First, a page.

“The Growth of the Kingdom” (Matthew 13:31-32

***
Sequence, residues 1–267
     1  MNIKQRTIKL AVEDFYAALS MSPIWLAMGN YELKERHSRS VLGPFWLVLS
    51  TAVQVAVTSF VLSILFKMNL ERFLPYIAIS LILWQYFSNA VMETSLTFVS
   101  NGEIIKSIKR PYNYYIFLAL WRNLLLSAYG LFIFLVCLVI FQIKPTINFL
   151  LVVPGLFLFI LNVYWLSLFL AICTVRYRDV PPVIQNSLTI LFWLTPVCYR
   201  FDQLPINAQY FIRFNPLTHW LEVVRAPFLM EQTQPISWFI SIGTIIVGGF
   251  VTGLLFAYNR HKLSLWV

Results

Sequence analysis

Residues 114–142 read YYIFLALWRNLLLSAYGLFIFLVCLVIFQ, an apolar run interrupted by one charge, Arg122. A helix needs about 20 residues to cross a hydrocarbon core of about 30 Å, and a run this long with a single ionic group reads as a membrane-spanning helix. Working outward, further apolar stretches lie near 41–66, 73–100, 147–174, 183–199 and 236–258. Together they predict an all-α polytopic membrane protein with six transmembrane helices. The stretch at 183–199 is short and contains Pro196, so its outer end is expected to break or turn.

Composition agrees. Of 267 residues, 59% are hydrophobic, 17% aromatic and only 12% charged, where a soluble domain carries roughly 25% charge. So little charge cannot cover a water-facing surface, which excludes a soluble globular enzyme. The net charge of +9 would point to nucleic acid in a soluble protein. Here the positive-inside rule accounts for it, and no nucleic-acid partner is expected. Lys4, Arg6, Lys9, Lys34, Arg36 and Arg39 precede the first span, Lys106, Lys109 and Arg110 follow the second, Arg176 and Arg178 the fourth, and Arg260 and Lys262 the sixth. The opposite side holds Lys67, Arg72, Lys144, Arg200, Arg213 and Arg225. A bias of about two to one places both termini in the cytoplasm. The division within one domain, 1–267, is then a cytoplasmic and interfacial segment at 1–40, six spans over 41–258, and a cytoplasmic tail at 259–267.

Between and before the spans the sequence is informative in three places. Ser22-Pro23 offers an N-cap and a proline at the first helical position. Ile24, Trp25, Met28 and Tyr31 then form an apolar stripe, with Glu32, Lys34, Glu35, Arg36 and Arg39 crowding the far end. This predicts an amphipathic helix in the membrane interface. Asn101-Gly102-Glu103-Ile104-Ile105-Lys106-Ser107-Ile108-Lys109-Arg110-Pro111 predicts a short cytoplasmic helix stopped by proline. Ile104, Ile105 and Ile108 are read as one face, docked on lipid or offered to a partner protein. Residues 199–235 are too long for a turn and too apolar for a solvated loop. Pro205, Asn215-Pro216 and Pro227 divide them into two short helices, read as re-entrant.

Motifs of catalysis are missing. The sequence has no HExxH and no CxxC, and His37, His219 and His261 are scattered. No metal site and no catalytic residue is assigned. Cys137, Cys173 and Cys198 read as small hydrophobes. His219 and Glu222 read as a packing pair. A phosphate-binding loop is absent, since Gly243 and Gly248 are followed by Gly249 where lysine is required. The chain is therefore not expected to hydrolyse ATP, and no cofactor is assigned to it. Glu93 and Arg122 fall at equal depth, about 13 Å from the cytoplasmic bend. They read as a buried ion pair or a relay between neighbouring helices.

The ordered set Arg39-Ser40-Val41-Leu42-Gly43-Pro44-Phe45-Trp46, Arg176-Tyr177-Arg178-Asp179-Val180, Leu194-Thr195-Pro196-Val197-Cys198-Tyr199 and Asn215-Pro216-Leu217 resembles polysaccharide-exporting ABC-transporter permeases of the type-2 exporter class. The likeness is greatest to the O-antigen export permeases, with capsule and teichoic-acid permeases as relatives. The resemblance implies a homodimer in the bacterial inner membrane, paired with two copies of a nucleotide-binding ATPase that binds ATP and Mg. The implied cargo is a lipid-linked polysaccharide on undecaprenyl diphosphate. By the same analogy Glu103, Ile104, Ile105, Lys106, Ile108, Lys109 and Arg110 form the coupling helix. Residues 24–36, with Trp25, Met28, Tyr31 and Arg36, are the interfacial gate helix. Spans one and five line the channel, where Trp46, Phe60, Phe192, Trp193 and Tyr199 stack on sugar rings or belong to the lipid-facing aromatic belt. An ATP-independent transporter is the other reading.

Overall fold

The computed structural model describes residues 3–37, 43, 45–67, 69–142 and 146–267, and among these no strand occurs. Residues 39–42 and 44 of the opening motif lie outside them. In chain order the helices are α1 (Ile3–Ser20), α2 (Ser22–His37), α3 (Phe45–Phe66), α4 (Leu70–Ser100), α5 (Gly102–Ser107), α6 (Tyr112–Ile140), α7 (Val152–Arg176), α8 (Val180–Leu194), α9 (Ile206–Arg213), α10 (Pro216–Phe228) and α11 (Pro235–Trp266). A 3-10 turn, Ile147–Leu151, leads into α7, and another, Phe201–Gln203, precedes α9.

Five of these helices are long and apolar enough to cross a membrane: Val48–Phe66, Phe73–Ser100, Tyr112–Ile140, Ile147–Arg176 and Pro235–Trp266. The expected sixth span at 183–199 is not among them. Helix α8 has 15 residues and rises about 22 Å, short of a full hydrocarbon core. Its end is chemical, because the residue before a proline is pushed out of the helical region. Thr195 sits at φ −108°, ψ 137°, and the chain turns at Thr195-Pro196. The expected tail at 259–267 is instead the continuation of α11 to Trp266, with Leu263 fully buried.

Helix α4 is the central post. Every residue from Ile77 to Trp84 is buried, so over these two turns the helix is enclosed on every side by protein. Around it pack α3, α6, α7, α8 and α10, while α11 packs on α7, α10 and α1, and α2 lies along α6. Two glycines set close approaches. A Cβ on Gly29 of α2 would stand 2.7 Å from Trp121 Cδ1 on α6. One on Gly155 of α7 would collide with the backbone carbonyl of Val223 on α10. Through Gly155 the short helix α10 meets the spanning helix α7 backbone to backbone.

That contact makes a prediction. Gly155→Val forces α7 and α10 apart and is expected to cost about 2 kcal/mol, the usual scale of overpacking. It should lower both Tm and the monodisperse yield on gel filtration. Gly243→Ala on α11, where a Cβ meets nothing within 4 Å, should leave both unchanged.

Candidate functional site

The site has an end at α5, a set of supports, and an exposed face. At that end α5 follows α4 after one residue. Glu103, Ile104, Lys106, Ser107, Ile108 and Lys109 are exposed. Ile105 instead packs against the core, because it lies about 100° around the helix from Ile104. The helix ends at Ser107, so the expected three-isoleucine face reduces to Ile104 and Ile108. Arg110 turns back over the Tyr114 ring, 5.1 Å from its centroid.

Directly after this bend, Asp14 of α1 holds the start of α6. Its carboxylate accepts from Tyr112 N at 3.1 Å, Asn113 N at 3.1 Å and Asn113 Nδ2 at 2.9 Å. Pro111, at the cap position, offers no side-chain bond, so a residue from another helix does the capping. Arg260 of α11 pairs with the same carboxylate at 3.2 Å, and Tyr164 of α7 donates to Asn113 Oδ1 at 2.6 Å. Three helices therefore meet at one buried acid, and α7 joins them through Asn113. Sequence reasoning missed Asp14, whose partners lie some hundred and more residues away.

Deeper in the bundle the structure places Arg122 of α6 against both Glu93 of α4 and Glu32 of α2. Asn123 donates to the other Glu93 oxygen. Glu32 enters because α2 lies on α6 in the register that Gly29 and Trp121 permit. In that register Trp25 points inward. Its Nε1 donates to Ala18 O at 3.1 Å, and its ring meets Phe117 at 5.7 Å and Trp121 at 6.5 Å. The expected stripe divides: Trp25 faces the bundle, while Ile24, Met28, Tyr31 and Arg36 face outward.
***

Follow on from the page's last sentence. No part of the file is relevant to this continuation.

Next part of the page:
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I. Introduction. A. Orientation. 1. When you turn on the news, what do you expect to see: good news or bad? Isn’t it bad news? 2. When you see what’s going on in the world today, are you encouraged or discouraged? Aren’t you discouraged by all the sin and corruption you see? 3. The question I want us to ask this morning is, Should we be discouraged? a. If what we saw and heard all around us was all we had to make our evaluation, we might not come to any other conclusion. b. But what if we look through the eyes of Scripture? What would we see? What conclusions should we draw? c. I would submit the conclusion should be optimism – not only because of the blessing of the life to come, but because of what we are told to expect in this life. d. This is what I want us to consider over the next couple of weeks. B. Preview. 1. We’ve seen step by step how the Lord prepared for His work of redemption, accomplished that redemption in Christ, and then prepared for the application of His redemption to the far reaches of the world. 2. The only thing we have remaining is to look at what the Bible says about the outworking of this application, in other words, how successful the application of this work will be and what kind of an impact it will have on this world. 3. There are many places in Scripture that tell us, but I want us to focus on the kingdom parables. a. I don’t know if you realized this, but the kingdom parables in Matthew 13 are all about the progress of the kingdom, from its beginning to its end. b. The parable of the Sower tells us how the work of the kingdom will move forward – through the preaching of the Gospel – and what the reactions to it will be. c. The parable of the Wheat and the Tares show us that the world will still be a mixture of good and evil when Christ returns, but that the field will be, nonetheless, a wheat field, or Christ’s kingdom. d. The parable of the Mustard Seed shows us that though the kingdom has a small beginning, it will eventually fill the earth. e. The parable of the Leaven reminds us that its influence will eventually permeate the whole world. f. The Hidden Treasure and the Pearl of Great Price teach us how much the elect will love and be willing to give for that kingdom.